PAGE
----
Fact Sheet

& Staff







Dissent From Chapter 12 Report: Debtor Eligibility

by James I. Shepard, John A. Gose and Edith H. Jones.
Commissioner Jeffery J. Hartley concurs with the dissent; he does not, however, necessarily share all of the views and statements contained herein.

The Chapter 12 report addresses issues contained in a proposal adopted by the Commission, i.e., the issues of whether the Sunset Provision should be eliminated and whether the calculation of Chapter 12 trustee's compensation should be based upon direct payments to creditors. The report then contains language which advocates increasing the eligibility limitation for filing Chapter 12 cases from $1.5 million dollars to $2.5 million dollars. Unfortunately this proposal reflects badly upon the process by which the Commission has conducted its business.

The proposal was briefly discussed at a meeting of the Working Subgroup in Seattle, Washington, on April 18, 1997, where it didn't generate enough support to merit a vote--the discussion notes of that meeting reflect only that "Commissioners Williamson, Gose and Shepard [the members of the Subgroup] . . . agreed to investigate whether the chapter 12 eligibility cap is sufficient or whether it needs to be raised." Thereafter, without the benefit of any further discussion among the members of the Subgroup or, apparently, any other Commissioners, or further investigation of the issue as contemplated by the Subgroup, the proposal was presented to the Commission in the Mail Ballot of August 5, 1997, where it drew only four votes in favor of its adoption; four votes were cast against the proposal, the Chair declined to take the opportunity to break the tie. (2887)

The report refers to statistics and information which have not been presented to or considered by the Commissioners and appear for the first time in a draft version of the report dated October 3, 1997; this information was not contained in the only other draft of the report, dated August 25, 1997; the Commissioners have had no opportunity to consider or respond to this information, none of this information had been made available to the Commissioners prior to the ballot of August 5th, 1997. Thus the presentation of this material in this manner reflects only the work of the Commission staff and the views of whomever is advocating this change. By presenting the case for increasing the eligibility limits in the "Reporter's Notes" it is apparently intended to provide a gloss of, at least, subliminal approval by the Commission, the statements in the text are hardly neutral, when such has not been demonstrated.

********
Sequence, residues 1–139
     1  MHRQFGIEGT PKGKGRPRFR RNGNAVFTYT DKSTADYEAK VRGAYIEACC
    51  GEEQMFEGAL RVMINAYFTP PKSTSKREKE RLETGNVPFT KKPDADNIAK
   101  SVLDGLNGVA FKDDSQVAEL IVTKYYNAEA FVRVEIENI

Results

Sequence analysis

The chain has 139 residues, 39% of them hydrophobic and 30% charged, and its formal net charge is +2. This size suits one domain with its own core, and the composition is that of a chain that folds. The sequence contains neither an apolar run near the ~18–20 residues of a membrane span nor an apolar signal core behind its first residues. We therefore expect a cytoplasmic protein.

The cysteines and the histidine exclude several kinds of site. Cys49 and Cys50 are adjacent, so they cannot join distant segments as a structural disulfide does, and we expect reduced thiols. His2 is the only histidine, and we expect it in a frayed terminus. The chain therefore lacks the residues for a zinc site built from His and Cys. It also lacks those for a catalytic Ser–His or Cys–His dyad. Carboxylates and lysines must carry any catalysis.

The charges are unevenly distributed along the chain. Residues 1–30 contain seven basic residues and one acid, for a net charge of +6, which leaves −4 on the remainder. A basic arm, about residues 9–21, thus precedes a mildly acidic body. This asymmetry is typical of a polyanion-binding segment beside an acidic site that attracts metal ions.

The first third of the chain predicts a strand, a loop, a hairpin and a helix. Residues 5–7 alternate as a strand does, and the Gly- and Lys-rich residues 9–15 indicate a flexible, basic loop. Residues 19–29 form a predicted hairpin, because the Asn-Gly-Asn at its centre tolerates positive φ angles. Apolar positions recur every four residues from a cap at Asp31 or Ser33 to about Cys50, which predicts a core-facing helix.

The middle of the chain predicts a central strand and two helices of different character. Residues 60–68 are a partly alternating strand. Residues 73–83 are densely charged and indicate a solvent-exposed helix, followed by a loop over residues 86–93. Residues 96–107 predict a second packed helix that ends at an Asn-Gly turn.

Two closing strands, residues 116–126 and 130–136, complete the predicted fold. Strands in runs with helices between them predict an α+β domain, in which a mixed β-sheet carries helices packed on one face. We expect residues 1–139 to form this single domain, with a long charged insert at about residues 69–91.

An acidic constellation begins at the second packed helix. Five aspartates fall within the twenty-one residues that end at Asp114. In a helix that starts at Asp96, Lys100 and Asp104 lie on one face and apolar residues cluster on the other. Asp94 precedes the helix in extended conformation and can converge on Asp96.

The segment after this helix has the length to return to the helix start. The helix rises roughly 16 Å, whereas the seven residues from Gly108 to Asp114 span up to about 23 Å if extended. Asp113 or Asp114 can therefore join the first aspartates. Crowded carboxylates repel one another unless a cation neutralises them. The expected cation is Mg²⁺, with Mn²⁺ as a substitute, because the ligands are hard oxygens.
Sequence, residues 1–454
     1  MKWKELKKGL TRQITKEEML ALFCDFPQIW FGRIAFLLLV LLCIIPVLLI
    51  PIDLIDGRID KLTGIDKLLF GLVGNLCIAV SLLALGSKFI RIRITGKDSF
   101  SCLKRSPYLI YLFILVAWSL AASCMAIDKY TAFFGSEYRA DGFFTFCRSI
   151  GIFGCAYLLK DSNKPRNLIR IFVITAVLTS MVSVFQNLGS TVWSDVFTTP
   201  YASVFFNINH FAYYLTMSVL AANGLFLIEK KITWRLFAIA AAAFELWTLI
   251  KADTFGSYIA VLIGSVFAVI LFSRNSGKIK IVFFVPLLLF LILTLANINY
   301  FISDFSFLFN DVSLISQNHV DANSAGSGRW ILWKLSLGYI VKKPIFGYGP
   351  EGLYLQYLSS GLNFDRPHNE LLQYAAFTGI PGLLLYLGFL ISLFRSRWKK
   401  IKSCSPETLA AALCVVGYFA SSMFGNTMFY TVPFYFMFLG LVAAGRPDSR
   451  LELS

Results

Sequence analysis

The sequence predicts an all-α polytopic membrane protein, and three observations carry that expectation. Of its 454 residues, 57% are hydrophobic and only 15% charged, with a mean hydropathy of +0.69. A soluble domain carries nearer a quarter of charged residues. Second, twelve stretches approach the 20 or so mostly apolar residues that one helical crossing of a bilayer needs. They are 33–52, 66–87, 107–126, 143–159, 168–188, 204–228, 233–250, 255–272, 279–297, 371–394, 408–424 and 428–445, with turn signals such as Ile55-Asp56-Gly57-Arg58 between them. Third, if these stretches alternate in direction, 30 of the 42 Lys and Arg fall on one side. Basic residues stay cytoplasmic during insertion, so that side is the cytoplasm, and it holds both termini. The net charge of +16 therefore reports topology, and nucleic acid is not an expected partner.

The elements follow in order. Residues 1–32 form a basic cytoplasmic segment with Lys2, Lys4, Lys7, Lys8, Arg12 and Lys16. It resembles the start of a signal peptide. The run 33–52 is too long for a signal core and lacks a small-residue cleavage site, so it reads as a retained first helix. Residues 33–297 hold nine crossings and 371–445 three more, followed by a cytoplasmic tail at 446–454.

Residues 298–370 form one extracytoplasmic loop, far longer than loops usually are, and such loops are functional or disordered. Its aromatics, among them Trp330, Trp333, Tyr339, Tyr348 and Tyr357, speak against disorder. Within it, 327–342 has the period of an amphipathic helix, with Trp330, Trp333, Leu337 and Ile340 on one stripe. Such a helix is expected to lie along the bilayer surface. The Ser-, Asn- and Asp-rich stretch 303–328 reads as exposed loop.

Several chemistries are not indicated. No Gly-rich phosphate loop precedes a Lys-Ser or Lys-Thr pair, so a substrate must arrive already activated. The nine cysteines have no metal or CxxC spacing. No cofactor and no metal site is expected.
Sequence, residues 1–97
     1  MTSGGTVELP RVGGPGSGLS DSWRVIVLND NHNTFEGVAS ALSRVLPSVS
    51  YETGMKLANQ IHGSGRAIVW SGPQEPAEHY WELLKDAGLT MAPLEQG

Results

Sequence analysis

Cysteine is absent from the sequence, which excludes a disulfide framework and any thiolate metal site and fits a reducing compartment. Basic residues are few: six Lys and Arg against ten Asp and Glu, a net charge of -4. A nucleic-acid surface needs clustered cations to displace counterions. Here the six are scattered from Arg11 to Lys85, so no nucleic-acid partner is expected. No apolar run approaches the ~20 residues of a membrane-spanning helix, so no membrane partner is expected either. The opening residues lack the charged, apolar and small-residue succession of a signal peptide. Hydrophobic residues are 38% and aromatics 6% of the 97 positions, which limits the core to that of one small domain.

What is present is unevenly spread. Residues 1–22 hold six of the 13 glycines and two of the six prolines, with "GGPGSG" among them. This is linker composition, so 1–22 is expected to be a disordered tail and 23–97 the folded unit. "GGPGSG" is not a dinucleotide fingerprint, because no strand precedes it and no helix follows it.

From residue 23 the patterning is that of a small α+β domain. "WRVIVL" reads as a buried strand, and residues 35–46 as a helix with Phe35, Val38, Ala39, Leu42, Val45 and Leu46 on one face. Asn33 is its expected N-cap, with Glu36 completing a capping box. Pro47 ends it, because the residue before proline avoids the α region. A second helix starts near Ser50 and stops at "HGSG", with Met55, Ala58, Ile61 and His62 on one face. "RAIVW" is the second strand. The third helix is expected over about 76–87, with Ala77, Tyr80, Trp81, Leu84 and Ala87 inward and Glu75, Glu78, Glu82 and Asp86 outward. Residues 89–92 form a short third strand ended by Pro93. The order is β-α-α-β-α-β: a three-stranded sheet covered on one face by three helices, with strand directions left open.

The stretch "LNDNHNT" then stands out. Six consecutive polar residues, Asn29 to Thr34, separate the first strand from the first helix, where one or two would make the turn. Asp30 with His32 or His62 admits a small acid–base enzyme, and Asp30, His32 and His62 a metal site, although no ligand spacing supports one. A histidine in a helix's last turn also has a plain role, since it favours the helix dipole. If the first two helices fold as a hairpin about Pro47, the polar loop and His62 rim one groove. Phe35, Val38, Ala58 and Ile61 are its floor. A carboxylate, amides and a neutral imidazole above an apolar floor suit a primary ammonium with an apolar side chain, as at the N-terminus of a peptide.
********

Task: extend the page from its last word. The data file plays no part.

Once again the process by which this Commission was forced to conduct its business is called into question--the fact of submitting a report which advances a controversial proposal in such a backhanded manner detracts from the credibility of the entire report and the integrity of the Commission process itself. Whether resort to this process is an attempt to force the defacto adoption of the proposal is not clear. What is clear is that this proposal to increase the eligibility limit is badly conceived and inadequately explored.

The Code and the proposal establish eligibility based on the debtor's aggregate debt. Yet, the principal focus of the discussion in support of the increase in the eligibility limits is inflation, principally in the value of farm land. While there generally is a direct relationship between the value of farm land and farm debt, mortgage indebtedness often being the largest single debt owed, such is not always the case, but more importantly, the Commission has heard no testimony regarding the composition of current farm debt loads, there has been no discussion or testimony of that aspect of the farm economy. Further, while the proposal would lead the reader to believe that farm values have increased substantially in comparison with historical prices, the Commission has neither sought nor received evidence or testimony in that regard. Anecdotal evidence indicates that in reality farm values are just now approaching pre-1980 levels. The information presented to the Commission prior to its vote, in the form of only one staff memorandum, is devoid of any such documentation. (2888) As noted above, the report now contains additional information not found in an earlier draft, presumably to attempt to deflect the shortcomings of the August 25, 1997, draft as expressed by the author in a critical response to that document.